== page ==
Round Two: Market-Valued Employee Stock Options
Last September, you may recall that the SEC rejected Cisco’s proposal to issue exchange-traded employee options. At that time, the SEC stated that it was open to other ideas about how market instruments could be used to value employee options (and the SEC’s Office of Economic Analysis even suggested two alternatives, although the SEC’s Chief Accountant expressed skepticism about whether companies would quickly embrace them).
Last Thursday, the WSJ ran an article that Zions Bancorp planned to register securities that would mimic employee stock options for public auction – and the price fetched at auction would become a “market” value for the securities that the company could use to determine the expense it must book for awarding options to its employees. I don’t believe the registration statement is filed yet.
Here is an excerpt from the article:
“Buyers of the securities receive payments from Zions when employees exercise their options. If the options expire worthless or aren’t exercised by employees, holders of the securities receive no payments and lose the entire value of their investment. Essentially, Zions is creating what looks and feels like a so-called asset-backed security, with the underlying asset in this case being the options. The bank expects high-net-worth individuals and sophisticated investors to buy the securities. Among other things, these investors would be betting Zions’s stock will continue to rise and thus push Zions employees’ options “into the money.”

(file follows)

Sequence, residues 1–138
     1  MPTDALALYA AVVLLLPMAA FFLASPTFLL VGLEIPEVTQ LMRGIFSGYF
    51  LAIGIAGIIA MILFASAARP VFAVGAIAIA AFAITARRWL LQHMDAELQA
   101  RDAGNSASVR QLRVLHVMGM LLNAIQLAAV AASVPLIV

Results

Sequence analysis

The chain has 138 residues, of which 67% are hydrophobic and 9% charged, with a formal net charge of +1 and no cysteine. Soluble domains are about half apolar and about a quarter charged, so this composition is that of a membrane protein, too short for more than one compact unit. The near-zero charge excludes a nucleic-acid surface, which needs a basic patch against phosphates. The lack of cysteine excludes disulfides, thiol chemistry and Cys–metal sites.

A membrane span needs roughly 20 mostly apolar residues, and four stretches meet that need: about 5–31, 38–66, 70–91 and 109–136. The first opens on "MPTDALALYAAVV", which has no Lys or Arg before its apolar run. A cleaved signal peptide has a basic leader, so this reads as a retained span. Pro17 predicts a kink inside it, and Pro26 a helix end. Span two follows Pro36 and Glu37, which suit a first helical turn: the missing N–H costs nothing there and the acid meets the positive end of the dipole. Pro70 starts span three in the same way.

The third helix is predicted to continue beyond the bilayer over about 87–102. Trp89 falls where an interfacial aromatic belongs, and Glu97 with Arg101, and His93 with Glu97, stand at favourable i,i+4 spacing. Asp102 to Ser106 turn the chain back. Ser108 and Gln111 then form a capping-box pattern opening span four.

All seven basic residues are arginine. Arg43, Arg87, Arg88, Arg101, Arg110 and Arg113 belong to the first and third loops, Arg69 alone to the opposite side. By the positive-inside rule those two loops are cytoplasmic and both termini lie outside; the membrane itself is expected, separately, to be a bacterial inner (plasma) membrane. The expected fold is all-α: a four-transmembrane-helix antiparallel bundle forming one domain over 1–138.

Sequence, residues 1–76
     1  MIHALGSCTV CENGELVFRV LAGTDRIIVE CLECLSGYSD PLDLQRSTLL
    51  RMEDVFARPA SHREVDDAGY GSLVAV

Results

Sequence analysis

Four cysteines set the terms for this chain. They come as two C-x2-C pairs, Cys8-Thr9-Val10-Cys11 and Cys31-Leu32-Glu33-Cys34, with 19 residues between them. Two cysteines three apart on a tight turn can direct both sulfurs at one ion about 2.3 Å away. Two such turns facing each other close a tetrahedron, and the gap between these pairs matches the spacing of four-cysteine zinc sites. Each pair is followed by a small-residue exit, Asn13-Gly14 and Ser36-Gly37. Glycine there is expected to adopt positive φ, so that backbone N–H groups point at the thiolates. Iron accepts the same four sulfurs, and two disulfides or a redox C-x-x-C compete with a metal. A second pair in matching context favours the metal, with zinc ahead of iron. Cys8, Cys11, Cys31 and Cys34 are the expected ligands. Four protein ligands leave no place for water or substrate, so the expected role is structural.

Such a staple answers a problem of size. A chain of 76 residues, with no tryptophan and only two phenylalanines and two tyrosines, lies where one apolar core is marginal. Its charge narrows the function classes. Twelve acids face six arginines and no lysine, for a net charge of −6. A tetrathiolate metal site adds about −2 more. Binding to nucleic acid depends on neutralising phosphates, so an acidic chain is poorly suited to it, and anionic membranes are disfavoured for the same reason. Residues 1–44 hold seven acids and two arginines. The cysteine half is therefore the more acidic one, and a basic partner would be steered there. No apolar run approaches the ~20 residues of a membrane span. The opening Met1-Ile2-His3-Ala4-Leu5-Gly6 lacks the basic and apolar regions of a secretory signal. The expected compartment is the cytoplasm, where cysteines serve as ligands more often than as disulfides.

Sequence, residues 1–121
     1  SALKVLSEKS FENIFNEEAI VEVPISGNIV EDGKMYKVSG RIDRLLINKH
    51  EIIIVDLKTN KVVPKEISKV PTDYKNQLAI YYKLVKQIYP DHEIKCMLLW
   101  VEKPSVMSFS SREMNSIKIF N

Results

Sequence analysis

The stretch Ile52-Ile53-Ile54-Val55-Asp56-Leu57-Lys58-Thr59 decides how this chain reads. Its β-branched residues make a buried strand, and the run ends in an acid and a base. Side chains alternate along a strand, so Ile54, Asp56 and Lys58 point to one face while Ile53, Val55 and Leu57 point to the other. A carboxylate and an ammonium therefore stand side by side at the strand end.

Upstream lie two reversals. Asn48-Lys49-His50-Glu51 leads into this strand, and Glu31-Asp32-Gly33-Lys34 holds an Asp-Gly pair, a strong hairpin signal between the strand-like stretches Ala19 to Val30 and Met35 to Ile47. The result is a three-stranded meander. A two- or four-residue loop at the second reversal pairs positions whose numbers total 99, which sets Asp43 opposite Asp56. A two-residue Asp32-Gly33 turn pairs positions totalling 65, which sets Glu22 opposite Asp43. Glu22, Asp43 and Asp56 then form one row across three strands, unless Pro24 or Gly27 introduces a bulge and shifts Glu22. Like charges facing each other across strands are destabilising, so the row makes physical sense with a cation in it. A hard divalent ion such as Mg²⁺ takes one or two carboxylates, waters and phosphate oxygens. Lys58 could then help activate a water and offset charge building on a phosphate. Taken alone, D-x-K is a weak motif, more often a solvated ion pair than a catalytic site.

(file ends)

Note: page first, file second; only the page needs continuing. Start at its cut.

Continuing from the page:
The bank hopes the auction will produce a truer — read: lower — value for employee stock options than would be derived from valuation methods such as Black-Scholes, the standard formula that has been used for years. That would happen, Zions argues, because investors would take into account factors unique to each company’s employee options program that aren’t reflected in most pricing models.”